The Châteaux de Lastours are four so-called Cathar castles on a rocky spur above the village of Lastours, isolated by the deep valleys of the Orbeil and Grésilhou rivers. These four castles constitute a single entity, even though they are not a single structure. The natural layout of the site permitted the economy of a fortress of great height. Plans were adapted to the rocks on which they were built. The construction of each is different reflecting the range of alterations made to the castles.
In the Middle Ages, the site belonged to the lords of Cabaret, mentioned for the first time in 1067. Probably only three castles were built in the 11th century and their sites evolved over the years following demolition and successive rebuilding.
The castles existed through the Albigensian crusade. The lords of Cabaret were closely linked to the followers of Catharism and the villages surrounding the castles welcomed many Cathars. The fortress at this time belonged to Pierre-Roger de Cabaret follower of Raymond Roger Trencavel, who fought at his side during the defence of Carcassonne. In 1209, the site resisted the attacks of Simon de Montfort, 5th Earl of Leicester. But the crusader Bouchard de Marly, then lord of the Château de Saissac, was taken prisoner by Pierre-Roger. His freedom was negotiated against the surrender of Cabaret in 1211.
In 1223, the lords of Cabaret repossessed their lands and Cabaret became the seat of the Cathar bishop of Carcassès. Pierre-Roger resisted Simon de Montfort's attacks for many years, but in 1227, the castles were again besieged by Humbert de Beaujeu. In 1229, Cabaret capitulated.
The villages and the castles were plundered and then rebuilt to become royal fortresses. The Tour Régine was built by order of the king to affirm his supremacy. They became the administrative and military centre of six communities forming the châtellerie of Cabardès. In the 16th century, the castles were occupied by Protestants. They were dislodged by maréchal de Joyeuse in 1591.
Cabaret is the main citadel with a barbican defence system. It consists of a north tower, a polygonal keep in the south and a group of residential buildings in the centre. The whole is surrounded by ramparts with a round walk. The crenellated wall is built with irregular material, with large stones forming the corners and openings.
The Tour Régine, closest to Cabaret, is the most recent fortress and the smallest. It consists of a round tower, surrounded by a small curtain wall which has collapsed. Below ground, the tower contains the largest cistern of the four castles. The tower has three storeys and is flanked by a spiral staircase. The white limestone used is identical to that at Cabaret. It is thought that this tower was built after the Albigensian Crusade: the name (Régine = Royal) suggests as much and there is no written evidence of its existence prior to 1260.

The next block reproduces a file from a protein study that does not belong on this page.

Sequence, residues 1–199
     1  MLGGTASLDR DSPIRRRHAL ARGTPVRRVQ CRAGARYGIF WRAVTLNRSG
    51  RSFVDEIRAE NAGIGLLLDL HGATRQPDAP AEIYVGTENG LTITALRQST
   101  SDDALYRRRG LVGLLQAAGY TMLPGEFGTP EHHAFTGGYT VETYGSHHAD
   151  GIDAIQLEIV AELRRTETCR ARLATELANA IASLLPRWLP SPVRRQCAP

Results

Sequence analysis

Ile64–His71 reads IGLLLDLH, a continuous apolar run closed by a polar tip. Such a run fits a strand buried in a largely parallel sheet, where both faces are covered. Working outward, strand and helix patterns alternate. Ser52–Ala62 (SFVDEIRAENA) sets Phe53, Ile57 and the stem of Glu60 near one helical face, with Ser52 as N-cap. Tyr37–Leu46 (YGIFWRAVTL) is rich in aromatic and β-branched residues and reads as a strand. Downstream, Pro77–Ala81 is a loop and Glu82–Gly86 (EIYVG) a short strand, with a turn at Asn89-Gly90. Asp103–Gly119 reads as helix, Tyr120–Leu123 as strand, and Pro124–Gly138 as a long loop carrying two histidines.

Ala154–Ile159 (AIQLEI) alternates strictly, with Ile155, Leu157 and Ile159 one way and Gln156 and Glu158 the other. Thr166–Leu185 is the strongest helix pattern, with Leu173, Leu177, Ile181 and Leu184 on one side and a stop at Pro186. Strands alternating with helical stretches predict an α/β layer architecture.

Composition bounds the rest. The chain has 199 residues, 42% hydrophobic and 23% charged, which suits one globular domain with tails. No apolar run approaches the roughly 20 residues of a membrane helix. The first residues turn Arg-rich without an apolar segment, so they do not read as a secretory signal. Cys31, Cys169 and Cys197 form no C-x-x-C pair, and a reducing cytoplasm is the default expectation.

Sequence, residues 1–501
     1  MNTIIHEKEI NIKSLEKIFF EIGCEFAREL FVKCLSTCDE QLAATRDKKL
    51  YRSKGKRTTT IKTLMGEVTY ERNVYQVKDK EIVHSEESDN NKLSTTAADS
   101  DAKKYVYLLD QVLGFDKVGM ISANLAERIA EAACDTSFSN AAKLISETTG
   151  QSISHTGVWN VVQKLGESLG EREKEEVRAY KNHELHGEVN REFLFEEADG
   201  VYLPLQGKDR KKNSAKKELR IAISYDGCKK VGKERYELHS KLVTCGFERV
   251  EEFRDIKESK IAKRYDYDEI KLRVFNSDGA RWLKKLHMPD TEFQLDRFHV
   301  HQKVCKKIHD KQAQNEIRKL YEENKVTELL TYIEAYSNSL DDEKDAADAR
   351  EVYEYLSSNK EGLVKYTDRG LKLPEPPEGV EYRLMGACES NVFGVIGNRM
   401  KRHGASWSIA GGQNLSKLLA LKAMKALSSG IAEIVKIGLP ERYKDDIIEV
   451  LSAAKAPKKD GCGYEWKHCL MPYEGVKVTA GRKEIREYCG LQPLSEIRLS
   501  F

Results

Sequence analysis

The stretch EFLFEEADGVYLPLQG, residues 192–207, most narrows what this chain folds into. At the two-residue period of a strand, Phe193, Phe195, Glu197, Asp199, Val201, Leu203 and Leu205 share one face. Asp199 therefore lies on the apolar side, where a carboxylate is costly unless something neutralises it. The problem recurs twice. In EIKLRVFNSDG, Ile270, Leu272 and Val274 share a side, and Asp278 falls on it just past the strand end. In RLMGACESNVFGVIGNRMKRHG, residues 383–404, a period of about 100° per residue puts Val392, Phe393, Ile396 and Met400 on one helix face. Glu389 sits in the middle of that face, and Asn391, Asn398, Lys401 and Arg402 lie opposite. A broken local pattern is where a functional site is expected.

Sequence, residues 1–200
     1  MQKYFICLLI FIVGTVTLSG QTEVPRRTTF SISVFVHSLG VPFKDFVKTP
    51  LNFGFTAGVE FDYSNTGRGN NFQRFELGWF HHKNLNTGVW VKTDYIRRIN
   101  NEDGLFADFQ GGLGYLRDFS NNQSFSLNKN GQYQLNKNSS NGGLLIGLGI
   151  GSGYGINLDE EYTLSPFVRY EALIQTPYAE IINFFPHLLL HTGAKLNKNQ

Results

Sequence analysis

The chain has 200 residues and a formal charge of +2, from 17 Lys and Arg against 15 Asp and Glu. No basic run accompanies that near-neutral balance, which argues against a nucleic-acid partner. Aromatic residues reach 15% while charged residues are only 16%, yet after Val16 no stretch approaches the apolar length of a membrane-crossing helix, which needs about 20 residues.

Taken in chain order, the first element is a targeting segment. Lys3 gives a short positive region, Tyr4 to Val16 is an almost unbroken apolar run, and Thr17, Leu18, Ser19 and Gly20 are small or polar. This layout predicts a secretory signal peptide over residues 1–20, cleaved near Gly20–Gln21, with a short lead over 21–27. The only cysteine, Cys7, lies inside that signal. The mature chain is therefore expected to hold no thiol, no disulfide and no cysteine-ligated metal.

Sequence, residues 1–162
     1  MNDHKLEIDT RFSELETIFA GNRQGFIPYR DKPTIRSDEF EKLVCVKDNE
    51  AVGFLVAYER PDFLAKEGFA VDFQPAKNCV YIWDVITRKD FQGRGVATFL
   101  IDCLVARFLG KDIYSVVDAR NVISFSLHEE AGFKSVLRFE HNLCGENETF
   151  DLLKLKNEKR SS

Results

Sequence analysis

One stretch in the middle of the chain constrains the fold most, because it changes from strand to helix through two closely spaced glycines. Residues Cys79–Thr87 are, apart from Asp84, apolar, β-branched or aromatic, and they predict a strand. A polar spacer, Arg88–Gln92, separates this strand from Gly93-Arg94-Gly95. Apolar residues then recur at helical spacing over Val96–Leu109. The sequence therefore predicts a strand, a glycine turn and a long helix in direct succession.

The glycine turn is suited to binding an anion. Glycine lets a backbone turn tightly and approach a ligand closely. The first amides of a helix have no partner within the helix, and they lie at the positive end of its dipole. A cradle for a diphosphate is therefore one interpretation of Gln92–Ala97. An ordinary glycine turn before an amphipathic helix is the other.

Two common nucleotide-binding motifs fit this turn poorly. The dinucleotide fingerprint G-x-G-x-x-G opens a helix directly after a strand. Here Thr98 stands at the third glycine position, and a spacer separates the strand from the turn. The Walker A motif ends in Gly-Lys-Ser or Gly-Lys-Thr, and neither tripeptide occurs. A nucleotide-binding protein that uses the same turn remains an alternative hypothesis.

Also called Fleur-Espine (Thornflower), this castle is the least preserved of the four. On the highest part of the site, it consists of a square tower, a house and a cistern. A rectangular curtain wall gives protection. It is noted for the rarity of its murder holes and its four semicircular arched windows.
The Quertinheux is furthest south along the crest on an isolated rocky outcrop. It consists of a circular tower and a polygonal curtain wall. A chicane defends the entrance. It overlooks the remains of a destroyed Romanesque church.References:
Derbent is the southernmost city in Russia, occupying the narrow gateway between the Caspian Sea and the Caucasus Mountains connecting the Eurasian steppes to the north and the Iranian Plateau to the south. Derbent claims to be the oldest city in Russia with historical documentation dating to the 8th century BCE. Due to its strategic location, over the course of history, the city changed ownership many times, particularly among the Persian, Arab, Mongol, Timurid, Shirvan and Iranian kingdoms.
Derbent has archaeological structures over 5,000 years old. As a result of this geographic peculiarity, the city developed between two walls, stretching from the mountains to the sea. These fortifications were continuously employed for a millennium and a half, longer than any other extant fortress in the world.
A traditionally and historically Iranian city, the first intensive settlement in the Derbent area dates from the 8th century BC. The site was intermittently controlled by the Persian monarchs, starting from the 6th century BC. Until the 4th century AD, it was part of Caucasian Albania which was a satrap of the Achaemenid Persian Empire. In the 5th century Derbent functioned as a border fortress and the seat of Sassanid Persians. Because of its strategic position on the northern branch of the Silk Route, the fortress was contested by the Khazars in the course of the Khazar-Arab Wars. In 654, Derbent was captured by the Arabs.
The Sassanid fortress does not exist any more, as the famous Derbent fortress as it stands today was built from the 12th century onward. Derbent became a strong military outpost and harbour of the Sassanid empire. During the 5th and 6th centuries, Derbent also became an important center for spreading the Christian faith in the Caucasus.
The site continued to be of great strategic importance until the 19th century. Today the fortifications consist of two parallel defence walls and Naryn-Kala Citadel. The walls are 3.6km long, stretching from the sea up to the mountains. They were built from stone and had 73 defence towers. 9 out of the 14 original gates remain.
In Naryn-Kala Citadel most of the old buildings, including a palace and a church, are now in ruins. It also holds baths and one of the oldest mosques in the former USSR.
In 2003, UNESCO included the old part of Derbent with traditional buildings in the World Heritage List.